CRASH LANDING OF A B-24 LIBERATOR
AT CAIRNS AIRFIELD
|visits since 19 February 2003|
Vera Bradley's book, "I Didn't Know That", refers on page 49 to some reminisces of Corporal Ken Hutchinson of RAAF North-Eastern Area, Advanced Operational Base (AOB) at Cairns airfield.
|"The worst crash we had was that of a
Liberator. It was returning from a mission in bad weather and after three attempts to land
he told the crew in the control room he would give it one more try. Finally he made it.
Unfortunately in those days, there was a creek at the end of the strip with a culvert over
it leading to the bomb dump. One wheel was on the culvert, the other in the mud and this
caused the plane to tip on its nose crushing the whole front, including the crew. "
"We never did find one of the propellers which spun into the ground. Maybe the workmen who extended Runway 150 for the International airport did!"
On Page 55 of the same book, Chester T. Langan, who wrote the history of the US No. 15 Weather Squadron based at Cairns, remembered the crash of a B-24 at Cairns airfield:-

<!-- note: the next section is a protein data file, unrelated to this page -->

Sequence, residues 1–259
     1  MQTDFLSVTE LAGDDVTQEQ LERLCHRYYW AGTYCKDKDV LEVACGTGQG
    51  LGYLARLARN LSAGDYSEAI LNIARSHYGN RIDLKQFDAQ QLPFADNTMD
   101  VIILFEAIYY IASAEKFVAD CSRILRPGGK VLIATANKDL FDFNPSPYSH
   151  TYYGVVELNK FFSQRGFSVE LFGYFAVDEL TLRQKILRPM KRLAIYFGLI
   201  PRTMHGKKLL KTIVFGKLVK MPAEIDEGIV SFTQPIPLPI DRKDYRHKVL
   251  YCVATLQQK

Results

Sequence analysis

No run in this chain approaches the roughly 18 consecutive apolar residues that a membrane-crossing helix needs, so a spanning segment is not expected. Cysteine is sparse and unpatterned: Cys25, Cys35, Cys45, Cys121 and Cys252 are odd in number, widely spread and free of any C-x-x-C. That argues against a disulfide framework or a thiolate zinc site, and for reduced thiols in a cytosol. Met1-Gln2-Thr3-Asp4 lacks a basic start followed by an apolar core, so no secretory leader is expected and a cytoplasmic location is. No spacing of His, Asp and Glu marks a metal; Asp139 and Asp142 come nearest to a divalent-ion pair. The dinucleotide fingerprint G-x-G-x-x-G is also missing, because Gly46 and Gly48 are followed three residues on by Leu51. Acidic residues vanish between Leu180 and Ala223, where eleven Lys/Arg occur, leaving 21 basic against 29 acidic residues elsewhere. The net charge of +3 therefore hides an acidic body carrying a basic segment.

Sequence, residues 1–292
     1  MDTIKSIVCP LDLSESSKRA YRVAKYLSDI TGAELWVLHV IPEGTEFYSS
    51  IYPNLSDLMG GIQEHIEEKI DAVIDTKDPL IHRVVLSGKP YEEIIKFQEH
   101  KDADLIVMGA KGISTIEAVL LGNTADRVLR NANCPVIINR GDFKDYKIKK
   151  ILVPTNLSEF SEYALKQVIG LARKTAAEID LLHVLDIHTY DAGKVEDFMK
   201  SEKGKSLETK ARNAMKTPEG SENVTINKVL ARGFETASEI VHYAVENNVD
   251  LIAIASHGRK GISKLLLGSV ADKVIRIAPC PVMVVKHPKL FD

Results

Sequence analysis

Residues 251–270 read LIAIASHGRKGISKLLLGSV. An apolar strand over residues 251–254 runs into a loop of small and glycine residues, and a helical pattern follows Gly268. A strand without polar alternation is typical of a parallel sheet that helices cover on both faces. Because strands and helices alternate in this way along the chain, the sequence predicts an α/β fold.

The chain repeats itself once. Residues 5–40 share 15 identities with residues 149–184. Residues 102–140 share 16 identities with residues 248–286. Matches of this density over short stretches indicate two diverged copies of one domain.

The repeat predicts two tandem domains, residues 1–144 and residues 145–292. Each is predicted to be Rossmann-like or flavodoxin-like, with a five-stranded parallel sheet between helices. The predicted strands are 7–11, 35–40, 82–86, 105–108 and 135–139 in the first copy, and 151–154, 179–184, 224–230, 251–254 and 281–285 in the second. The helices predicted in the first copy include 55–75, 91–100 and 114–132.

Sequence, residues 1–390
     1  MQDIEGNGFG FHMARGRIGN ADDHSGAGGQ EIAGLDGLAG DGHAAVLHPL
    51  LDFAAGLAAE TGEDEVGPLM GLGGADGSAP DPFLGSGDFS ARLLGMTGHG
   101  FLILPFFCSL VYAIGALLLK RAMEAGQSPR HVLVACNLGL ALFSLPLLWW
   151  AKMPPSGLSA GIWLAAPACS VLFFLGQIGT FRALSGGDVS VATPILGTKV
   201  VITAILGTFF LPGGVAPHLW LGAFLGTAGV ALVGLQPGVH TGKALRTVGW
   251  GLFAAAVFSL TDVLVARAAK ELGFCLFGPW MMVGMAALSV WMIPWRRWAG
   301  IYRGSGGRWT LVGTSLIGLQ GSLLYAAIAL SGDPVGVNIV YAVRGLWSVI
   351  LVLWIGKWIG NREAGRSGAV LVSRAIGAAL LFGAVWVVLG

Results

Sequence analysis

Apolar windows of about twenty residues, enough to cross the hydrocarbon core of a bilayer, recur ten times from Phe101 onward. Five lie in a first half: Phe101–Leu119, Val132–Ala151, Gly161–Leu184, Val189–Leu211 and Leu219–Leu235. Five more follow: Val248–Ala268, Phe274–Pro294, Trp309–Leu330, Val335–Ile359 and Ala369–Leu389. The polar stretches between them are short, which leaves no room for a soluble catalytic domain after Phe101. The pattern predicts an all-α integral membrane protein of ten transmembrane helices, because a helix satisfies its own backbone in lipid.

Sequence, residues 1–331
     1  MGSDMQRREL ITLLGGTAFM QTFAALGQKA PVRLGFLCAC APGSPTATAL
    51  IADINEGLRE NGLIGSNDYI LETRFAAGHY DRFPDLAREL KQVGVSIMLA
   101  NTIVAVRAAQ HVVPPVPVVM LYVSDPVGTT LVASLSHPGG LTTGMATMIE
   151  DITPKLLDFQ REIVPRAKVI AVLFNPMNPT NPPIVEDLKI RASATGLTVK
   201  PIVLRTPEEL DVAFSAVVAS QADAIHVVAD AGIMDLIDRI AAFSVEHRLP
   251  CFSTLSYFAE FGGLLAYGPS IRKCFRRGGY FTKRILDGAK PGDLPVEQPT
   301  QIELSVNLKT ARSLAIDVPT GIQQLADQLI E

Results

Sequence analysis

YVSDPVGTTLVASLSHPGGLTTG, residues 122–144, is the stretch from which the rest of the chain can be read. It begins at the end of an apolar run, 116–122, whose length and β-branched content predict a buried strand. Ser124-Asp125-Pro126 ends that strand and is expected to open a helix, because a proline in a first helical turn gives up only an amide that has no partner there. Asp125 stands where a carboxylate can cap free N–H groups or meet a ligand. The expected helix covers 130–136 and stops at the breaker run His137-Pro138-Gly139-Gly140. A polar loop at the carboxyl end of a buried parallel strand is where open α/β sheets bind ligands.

|"The aforementioned B-24 landed halfway down the runway on a wet field while the wind was gusting to 70 miles per hour. Of course he ran out of runway and ran off the end into a drain - a drop of 6 feet. The pilot and navigator were killed and the co-pilot was hospitalised with a broken arm. The two enlisted men aboard in the waist were badly shaken but not injured."|
Can anyone confirm the date
of this crash
and the Serial No. and Nickname of the aircraft?
Bob Livingstone wondered whether this was the B-24 crash at Lion Creek near Rockhampton on 14 December 1943.
I'd like to thank Bob Livingstone for his assistance with this web page.
"I Didn't Know That"
"Cairns and Districts, Tully to Cape York, 1939-1946,
Service Personnel and Civilians"
By Vera Bradley (1943 AAMWS)
© Peter Dunn 2006
This page first produced 18 August 1999
This page last updated 06 April 2007